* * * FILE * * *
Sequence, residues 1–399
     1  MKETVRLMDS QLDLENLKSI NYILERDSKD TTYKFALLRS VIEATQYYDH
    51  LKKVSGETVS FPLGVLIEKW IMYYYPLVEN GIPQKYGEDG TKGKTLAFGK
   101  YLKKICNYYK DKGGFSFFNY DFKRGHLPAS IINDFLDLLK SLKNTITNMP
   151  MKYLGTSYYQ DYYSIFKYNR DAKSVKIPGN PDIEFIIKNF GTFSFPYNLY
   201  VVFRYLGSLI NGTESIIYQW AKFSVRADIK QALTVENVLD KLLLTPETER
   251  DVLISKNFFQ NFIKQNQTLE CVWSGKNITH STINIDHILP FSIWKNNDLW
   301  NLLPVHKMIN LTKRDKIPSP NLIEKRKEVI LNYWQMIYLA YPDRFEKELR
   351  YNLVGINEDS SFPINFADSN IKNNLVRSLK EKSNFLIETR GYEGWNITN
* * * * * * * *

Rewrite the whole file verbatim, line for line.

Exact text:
Sequence, residues 1–399
     1  MKETVRLMDS QLDLENLKSI NYILERDSKD TTYKFALLRS VIEATQYYDH
    51  LKKVSGETVS FPLGVLIEKW IMYYYPLVEN GIPQKYGEDG TKGKTLAFGK
   101  YLKKICNYYK DKGGFSFFNY DFKRGHLPAS IINDFLDLLK SLKNTITNMP
   151  MKYLGTSYYQ DYYSIFKYNR DAKSVKIPGN PDIEFIIKNF GTFSFPYNLY
   201  VVFRYLGSLI NGTESIIYQW AKFSVRADIK QALTVENVLD KLLLTPETER
   251  DVLISKNFFQ NFIKQNQTLE CVWSGKNITH STINIDHILP FSIWKNNDLW
   301  NLLPVHKMIN LTKRDKIPSP NLIEKRKEVI LNYWQMIYLA YPDRFEKELR
   351  YNLVGINEDS SFPINFADSN IKNNLVRSLK EKSNFLIETR GYEGWNITN